Okay, it’s a corny story, but are you going to tell me it’s not true? If ya haven’t been there, don’t call me a liar!

I’ve been told that older people are more inclined to be readers of the Holy Bible…prepping for the final exam, some people say. As I find myself in that category of “older people,” I find that I don’t read the Holy Bible. I pray a lot more; I talk to my late wife a lot more, but the Holy Bible, naw. I have my own beliefs, and they don’t include reading a book that has raised more questions than it’s actually answered. I don’t know about you, but I happen to believe in a God who is at once both benevolent and vengeful. Who will weigh your entire life, not just this good episode and that bad one. That just happens to be what I believe. You can accept it, ignore it, tell me I’m nuts, curse me, or whatever you wish to do; that is your prerogative. I will accept your beliefs just as I hope you will accept my own.

I wish you well with your life and with your beliefs…I hope you will wish the same for me as well as for all of your friends and family.

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New England is a remarkable place. Of course, I say that based on extremely limited travel experience. Never having been to “old” England, I guess I don’t really have a basis for comparison. I do know one thing: In New England, there is a community called Islington. It is a part of a Town called Westwood (where the hell’s he going with this one?). In old England, there is a town called Islington.  (Aha!) It is a part of the city of London. Great, eh? Not really. In New England’s Islington, there’s not a bar or liquor store in sight. In old England’s Islington, there are 300 bars – guess who got screwed on that one…unless, of course, you’re some kind of temperance nut. My mother-in-law was one of those. That’s why her husband always had both pockets filled with breath mints. That’s the end of the community comparisons…so there!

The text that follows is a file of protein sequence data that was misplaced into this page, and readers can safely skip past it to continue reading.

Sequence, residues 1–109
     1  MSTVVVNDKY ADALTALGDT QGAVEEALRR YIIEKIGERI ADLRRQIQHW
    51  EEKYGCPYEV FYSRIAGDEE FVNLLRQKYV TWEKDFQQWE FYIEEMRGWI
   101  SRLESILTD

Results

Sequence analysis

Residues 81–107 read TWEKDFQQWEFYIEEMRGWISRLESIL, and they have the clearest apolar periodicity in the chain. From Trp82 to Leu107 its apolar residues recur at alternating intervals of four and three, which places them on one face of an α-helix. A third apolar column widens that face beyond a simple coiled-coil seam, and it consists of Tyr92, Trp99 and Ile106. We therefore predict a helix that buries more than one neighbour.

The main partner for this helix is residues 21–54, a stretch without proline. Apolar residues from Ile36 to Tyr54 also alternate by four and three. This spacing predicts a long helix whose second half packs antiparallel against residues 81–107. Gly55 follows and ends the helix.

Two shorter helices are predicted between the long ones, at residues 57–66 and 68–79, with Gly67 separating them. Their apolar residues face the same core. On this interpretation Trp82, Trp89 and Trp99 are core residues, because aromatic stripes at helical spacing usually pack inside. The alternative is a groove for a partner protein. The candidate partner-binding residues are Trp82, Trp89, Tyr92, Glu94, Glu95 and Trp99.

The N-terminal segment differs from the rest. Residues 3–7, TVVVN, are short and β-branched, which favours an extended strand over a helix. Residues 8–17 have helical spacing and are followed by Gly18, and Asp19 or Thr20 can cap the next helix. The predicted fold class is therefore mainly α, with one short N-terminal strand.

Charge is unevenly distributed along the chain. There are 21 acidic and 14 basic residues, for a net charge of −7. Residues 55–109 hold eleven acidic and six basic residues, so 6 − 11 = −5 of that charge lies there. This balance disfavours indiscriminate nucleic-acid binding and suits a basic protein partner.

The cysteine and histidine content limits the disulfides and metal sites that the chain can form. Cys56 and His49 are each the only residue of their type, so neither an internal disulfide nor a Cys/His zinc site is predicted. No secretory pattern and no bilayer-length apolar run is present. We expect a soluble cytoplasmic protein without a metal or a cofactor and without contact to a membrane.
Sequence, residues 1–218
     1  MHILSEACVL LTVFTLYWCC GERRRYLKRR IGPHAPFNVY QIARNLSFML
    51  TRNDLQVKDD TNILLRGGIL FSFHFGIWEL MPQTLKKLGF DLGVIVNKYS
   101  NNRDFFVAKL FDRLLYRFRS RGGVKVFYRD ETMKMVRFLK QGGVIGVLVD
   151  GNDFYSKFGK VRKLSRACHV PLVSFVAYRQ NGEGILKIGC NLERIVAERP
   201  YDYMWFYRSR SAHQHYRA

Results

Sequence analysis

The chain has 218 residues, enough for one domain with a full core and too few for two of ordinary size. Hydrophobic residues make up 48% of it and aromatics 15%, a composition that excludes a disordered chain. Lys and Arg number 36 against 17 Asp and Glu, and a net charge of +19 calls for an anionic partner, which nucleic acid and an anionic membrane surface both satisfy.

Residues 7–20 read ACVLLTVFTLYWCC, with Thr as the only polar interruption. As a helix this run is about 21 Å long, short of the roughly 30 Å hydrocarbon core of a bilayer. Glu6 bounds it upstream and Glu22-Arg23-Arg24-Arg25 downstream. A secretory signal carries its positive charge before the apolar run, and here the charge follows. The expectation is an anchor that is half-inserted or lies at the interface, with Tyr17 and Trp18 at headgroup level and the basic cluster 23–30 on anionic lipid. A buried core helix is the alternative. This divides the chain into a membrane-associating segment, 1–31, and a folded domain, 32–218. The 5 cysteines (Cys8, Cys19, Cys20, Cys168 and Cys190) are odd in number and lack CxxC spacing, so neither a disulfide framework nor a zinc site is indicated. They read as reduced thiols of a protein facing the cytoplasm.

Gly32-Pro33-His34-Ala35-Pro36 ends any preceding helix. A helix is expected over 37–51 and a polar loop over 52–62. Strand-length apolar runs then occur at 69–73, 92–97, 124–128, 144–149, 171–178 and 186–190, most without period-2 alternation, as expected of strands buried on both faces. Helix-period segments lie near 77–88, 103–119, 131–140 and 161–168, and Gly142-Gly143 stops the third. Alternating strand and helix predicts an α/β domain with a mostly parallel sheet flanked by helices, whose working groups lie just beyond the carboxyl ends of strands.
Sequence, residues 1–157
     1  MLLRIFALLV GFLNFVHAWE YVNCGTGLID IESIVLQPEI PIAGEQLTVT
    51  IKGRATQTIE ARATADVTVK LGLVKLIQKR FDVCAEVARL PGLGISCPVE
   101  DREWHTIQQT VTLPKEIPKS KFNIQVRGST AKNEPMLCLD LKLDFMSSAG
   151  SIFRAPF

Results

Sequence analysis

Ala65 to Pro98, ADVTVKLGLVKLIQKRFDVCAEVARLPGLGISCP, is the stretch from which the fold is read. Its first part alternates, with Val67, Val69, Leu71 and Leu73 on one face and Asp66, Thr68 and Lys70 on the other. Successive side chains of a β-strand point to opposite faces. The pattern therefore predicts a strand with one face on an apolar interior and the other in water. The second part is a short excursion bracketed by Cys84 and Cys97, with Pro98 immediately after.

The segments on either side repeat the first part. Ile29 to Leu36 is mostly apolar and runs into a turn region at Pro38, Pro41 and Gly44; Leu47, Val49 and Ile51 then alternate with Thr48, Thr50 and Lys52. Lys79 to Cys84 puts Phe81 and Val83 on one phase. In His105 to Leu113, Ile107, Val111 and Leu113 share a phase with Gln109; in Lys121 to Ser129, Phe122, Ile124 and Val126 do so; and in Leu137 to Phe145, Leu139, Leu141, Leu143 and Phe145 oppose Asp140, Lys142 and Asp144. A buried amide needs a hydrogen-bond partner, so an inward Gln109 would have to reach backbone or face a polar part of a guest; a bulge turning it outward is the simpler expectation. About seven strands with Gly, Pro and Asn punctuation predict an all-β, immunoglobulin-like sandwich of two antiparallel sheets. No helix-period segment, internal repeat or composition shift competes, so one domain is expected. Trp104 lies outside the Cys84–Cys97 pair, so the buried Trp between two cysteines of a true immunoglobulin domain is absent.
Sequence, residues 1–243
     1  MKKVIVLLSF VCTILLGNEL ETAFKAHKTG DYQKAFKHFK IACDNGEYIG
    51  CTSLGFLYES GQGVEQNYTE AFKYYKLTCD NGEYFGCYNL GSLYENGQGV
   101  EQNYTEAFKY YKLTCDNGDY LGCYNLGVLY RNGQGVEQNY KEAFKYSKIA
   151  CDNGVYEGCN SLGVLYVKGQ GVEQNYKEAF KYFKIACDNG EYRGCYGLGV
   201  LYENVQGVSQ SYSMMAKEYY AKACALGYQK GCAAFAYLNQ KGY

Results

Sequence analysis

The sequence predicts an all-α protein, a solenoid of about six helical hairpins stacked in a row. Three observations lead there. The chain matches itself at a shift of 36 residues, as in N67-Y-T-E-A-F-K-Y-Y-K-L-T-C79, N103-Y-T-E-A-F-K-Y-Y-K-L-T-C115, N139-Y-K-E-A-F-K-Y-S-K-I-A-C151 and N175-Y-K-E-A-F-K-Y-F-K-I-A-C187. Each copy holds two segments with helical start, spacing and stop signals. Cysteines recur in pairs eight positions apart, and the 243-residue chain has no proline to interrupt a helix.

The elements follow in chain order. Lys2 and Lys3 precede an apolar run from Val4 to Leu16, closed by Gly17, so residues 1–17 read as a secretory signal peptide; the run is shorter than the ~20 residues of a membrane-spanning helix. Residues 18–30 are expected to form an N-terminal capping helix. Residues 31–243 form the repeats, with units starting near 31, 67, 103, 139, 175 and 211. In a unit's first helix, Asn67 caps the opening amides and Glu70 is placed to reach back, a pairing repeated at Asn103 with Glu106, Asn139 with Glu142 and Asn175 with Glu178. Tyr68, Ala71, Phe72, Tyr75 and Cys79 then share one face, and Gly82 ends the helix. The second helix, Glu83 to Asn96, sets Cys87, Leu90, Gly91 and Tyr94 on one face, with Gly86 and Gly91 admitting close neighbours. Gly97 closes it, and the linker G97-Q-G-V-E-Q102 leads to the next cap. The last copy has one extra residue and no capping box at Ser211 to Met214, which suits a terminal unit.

We have four distinct seasons in New England. If you don’t know what they are, go look it up. Anyway, as I sat outside this morning in my mackinaw, hip boots, three sweaters, and a watch cap, looking at the fading summer sky, I was reminded once again that our ‘distinct’ seasons are not always that distinct. In fact, over the past few years, our falls and our springs seem to be slowly disappearing. It appears that one day, the weather people – can’t say men anymore – are talking about the fall foliage in the morning and predicting six inches of snow that same night. I want to watch a weather forecast in Canada where some of the women tell you the weather while they’re topless. I suppose that’s one way of distracting you from hearing, “Eh, we got anudder tree feet ‘o snow tonight, eh!” That wasn’t very nice, but some of my Canadian friends will know I’m just jerking their chains again, eh.

Anyway, back to New England weather. My partner is from California. She was born there, educated there, grew all the way up and worked there. Hell, she even retired from there before she decided that perhaps I wasn’t truly insane and so she moved here. Having been here through one complete weather cycle, she is now having second thoughts regarding the sanity of anyone who makes New England their home. It wasn’t bad enough that last winter she stepped outside to feed the critters and fell flat on her ass; ice was a new experience for her. It probably should even have been expected that when she went out to fill the bird feeders, she would brush by an icicle that would promptly broke and that a large piece would fall that was not only large enough to open her scalp but also large enough to once more knock her on her ass – it’s humorous only in hindsight; the wolves loved the red snow. At the time, there was no humor whatsoever.